Stephen Sturgess also mentions in his book that this chakra controls the most basic survival instincts, because the most fundamental desire of a living being is first of all to survive: "It is through this first chakra that life is brought into being, preserved, and reproduced" and "that provides the instinctual drives and energy necessary for meeting ... survival needs of security, food and shelter". So the primal desires are fed by the chakra, thus also desires based on them are derived from it. Osho also mentions that the urge for sex arises from this desire. But in order to experience the full potential of the chakra, this urge must be transformed. According to Osho, through meditation.

Shat Chakra Nirupana Verse 9 "Inside the triangle is Svayambhu in his Linga-form (Shiva Linga), beautiful like molten gold, with his head downwards. He is revealed by jnana and dhyana and is of the shape and color of a new leaf."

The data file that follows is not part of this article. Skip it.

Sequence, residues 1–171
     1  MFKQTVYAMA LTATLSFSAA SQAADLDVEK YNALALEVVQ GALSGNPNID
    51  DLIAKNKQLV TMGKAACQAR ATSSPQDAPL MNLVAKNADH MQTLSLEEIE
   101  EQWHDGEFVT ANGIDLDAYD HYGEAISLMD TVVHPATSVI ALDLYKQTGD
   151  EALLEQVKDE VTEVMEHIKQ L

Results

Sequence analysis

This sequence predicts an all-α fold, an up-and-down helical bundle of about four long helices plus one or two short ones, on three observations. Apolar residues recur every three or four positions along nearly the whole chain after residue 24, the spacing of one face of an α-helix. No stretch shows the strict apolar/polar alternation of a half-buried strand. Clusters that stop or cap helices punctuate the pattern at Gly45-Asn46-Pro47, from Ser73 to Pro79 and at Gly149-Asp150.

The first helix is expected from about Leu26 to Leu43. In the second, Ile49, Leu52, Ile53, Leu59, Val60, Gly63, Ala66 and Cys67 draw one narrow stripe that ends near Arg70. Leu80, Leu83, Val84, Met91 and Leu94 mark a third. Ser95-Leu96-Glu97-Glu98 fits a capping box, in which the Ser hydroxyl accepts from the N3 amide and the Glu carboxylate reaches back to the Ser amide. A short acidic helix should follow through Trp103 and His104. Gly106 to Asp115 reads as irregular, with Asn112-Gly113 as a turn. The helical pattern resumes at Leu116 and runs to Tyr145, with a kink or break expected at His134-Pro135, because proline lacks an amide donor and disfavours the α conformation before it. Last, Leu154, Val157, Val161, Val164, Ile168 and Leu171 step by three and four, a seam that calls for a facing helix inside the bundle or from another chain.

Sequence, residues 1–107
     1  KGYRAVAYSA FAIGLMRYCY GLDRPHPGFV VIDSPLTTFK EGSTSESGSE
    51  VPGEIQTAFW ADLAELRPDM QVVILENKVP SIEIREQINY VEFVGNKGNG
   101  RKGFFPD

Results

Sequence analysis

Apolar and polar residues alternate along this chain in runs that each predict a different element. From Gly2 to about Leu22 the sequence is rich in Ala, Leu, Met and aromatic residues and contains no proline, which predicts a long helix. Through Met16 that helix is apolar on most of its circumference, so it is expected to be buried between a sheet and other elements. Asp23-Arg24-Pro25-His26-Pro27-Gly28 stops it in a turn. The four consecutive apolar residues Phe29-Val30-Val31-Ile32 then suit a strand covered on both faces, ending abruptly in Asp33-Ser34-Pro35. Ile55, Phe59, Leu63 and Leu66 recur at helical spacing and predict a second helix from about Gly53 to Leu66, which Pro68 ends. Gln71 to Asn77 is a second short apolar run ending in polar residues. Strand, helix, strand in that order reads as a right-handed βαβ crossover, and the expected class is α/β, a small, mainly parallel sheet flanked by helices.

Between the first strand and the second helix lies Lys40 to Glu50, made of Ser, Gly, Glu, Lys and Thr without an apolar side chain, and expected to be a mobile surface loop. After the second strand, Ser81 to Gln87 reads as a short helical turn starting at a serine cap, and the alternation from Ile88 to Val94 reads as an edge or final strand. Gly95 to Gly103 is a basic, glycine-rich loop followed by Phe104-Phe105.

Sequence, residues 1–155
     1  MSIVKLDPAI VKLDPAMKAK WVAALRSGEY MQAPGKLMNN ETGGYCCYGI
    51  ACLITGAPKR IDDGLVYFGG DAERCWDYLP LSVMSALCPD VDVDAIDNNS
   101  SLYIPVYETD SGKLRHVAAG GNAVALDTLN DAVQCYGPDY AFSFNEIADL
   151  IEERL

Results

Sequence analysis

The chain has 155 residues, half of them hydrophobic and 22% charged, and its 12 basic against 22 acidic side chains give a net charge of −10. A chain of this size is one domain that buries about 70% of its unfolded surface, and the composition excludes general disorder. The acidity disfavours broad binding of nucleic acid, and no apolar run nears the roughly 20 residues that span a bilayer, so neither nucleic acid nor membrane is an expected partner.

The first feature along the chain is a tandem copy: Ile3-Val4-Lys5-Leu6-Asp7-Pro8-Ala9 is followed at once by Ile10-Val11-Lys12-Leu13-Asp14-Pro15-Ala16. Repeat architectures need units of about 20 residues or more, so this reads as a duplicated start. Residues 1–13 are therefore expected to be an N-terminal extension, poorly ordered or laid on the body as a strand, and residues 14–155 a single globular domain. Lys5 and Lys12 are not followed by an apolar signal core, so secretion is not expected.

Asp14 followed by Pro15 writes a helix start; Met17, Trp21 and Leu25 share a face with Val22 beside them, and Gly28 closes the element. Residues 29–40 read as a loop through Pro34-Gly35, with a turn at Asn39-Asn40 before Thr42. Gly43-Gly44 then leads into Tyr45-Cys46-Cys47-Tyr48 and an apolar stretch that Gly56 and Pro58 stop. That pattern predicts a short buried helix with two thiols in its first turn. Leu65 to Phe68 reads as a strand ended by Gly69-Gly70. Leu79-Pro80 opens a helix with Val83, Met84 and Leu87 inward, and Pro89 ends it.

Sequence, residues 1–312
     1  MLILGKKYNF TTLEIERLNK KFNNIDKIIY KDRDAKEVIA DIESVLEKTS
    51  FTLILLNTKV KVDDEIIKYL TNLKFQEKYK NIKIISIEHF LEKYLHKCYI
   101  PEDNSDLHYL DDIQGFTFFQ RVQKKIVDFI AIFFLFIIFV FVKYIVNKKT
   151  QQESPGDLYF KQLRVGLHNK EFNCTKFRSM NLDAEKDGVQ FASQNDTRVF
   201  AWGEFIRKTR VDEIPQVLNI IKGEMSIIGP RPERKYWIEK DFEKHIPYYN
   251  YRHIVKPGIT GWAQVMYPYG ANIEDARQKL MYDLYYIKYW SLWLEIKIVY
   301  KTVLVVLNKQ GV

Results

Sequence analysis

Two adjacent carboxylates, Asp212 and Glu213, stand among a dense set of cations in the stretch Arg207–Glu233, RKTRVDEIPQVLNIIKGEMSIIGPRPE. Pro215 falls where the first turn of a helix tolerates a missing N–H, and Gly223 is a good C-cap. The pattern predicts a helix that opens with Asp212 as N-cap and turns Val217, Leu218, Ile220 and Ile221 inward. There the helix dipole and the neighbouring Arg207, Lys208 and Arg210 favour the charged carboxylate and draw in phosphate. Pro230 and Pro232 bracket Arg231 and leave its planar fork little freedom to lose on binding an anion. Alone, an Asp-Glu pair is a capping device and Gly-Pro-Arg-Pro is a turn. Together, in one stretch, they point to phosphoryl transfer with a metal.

Svayambhu ("The selforiginated") is the space (nature) that arises spontaneously from itself and this is contained there in its potent form as potential. In other words, it can be "created" from there. Shiva Linga stands for the symbol of Lord Shiva the most powerful creator. Therefore, the chakra is also often associated with matter and the creative. Verse 12 further elaborates on what has just been described.

"Within Shiva Linga reigns dominant Para (supreme/highest), the awakener of eternal knowledge. She is the omnipotent Kala (sound) who is wonderfully skillful in creation and is subtler than the subtlest."

We also learn here that Kundalini energy can be realized through the yoga of Jnana (knowledge), through studying, learning and realizing yoga, and through Dhyana, meditation (or experiencing nature as it is).

Hiroshi Motoyama summarizes it nicely in his book: